Robot Monk Blends Science and Buddhism at Chinese Temple

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A Buddhist sanctuary on the edges of Beijing has chosen to jettison customary ways and use innovation to pull in adherents.
Longton sanctuary says it has built up a robot minister that can serenade Buddhist mantras, move by means of voice summon, and hold a straightforward discussion.
Named Xian’er, the 60-cm (2-foot) tall robot looks like a toon like fledgling friar in yellow robes with a shaven head, keeping a touch screen on his mid-section.
Xian’er can hold a discussion by replying around 20 basic inquiries concerning Buddhism and every day life, registered on his screen, and perform seven sorts of movements on his wheels.
Expert Xianfan, Xian’er’s maker, said the robot minister was the ideal vessel for making the knowledge of Buddhism in China, through the combination of science and Buddhism.
“Science and Buddhism are not restricting nor negating, and can be joined and commonly perfect,” said Xianfan.
Under the cautious watch of China’s authoritatively nonbeliever Communist Party, religion has gradually crawled over into every day life since changes got going quite a few years back.
Image said Buddhism filled a hole for individuals in a quickly evolving, advanced mobile phone ruled society.
“Buddhism is one thing that connects much significance to inward heart, and pays consideration on the individual’s profound world,” he said.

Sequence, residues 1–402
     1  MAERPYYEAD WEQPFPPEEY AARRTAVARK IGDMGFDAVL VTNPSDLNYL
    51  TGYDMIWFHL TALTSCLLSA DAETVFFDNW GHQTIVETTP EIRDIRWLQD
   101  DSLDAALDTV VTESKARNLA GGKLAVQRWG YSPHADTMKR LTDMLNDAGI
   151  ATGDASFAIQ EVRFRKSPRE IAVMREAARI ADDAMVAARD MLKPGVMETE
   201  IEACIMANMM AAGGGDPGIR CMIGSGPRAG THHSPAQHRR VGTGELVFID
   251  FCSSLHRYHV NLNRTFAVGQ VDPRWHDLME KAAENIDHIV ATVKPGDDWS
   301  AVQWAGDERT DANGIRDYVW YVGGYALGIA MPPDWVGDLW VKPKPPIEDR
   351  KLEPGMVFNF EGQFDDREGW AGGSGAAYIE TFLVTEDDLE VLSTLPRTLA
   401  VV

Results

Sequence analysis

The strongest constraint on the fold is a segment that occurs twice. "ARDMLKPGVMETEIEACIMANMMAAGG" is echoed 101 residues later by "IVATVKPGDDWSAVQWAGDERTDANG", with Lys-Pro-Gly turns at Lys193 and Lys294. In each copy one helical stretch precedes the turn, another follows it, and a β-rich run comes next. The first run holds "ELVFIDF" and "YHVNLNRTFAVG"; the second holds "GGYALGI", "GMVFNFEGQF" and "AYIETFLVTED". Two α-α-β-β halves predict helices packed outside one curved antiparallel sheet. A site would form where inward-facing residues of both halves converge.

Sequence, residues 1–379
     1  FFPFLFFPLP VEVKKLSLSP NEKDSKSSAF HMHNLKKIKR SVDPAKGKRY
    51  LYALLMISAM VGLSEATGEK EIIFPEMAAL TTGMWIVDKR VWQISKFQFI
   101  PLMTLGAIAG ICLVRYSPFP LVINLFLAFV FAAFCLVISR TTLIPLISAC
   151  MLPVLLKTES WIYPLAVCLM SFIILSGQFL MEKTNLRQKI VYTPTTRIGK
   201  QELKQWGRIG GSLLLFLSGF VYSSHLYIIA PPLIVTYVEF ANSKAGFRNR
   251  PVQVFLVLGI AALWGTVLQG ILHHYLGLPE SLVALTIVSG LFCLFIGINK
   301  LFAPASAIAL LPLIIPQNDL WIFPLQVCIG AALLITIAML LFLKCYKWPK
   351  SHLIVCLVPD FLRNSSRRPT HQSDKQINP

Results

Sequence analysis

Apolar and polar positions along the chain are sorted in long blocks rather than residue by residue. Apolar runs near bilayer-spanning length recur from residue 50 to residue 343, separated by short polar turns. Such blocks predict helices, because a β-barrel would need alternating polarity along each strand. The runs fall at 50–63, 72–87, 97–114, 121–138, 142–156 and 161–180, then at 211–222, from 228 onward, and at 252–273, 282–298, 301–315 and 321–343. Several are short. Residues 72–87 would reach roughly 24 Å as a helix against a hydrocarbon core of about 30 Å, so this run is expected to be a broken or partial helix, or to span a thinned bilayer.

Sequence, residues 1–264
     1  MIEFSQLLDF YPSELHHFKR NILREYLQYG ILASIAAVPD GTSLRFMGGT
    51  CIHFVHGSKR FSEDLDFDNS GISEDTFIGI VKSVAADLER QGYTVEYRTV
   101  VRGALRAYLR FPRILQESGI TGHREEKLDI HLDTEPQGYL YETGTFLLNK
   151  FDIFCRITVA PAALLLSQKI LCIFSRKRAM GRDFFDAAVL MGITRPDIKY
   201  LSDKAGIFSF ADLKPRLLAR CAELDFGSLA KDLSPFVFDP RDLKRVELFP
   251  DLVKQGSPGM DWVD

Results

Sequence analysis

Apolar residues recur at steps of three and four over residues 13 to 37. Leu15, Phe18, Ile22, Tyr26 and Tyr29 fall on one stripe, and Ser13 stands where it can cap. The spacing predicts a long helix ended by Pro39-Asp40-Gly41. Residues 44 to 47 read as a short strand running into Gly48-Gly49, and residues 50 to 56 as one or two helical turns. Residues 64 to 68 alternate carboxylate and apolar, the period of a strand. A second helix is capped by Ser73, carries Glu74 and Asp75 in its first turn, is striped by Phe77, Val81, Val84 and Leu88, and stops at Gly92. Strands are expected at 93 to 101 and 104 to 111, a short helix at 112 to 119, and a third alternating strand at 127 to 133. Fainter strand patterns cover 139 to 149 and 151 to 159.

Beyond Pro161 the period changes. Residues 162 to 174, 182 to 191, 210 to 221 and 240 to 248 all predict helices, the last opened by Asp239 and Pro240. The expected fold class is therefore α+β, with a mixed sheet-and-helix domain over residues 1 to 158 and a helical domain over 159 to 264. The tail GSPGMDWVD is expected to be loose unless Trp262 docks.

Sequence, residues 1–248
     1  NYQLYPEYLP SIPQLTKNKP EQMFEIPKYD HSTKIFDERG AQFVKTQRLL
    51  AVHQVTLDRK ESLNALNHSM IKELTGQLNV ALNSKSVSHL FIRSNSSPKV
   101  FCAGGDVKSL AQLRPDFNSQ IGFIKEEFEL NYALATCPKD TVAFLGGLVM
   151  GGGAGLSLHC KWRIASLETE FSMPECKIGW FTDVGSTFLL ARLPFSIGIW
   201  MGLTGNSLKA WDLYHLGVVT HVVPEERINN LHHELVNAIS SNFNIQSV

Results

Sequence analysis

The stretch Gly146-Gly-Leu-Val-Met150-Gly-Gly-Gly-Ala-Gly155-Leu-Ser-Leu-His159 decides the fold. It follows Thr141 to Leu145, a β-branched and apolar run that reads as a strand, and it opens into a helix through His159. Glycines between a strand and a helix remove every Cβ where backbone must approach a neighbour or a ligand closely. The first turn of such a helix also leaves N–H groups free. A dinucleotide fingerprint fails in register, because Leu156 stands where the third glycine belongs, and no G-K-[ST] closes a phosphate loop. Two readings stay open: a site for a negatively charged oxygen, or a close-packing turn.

“It is a kind of raised society. Talking from this point of view, I think it can fulfill the necessities of numerous individuals.”
The little robot friar was produced as a joint venture between an innovation organization and man-made brainpower specialists from some of China’s top colleges.
It was revealed to the general society in October.
Be that as it may, Xian’er is not inexorably the people person numerous trusts him to be.
He has visited a rare mechanical technology and advancement fairs crosswise over China yet once in a while shows up at Longquan sanctuary.
Xian’er spends the greater part of his days “thinking” on a rack in an office, despite the fact that interest about him has based on online networking.
Xian’er was roused by Xianfan’s 2013 toon making of the same name. The sanctuary has created toon movements, distributed comic compilations, and even stock highlighting the cartoon friar.
Michelle Yu, a traveler and rehearsing Buddhist, said she initially spotted Xian’er on online networking.
“He looks truly charming and cute. He’ll spread Buddhism to more people, since they will believe he’s exceptionally fascinating, and will make them truly need to comprehend Buddhism,” she said.
The sanctuary is building up another model of Xian’er, which it says will have a more assorted scope of capacities.

© Thomson Reuters 2016

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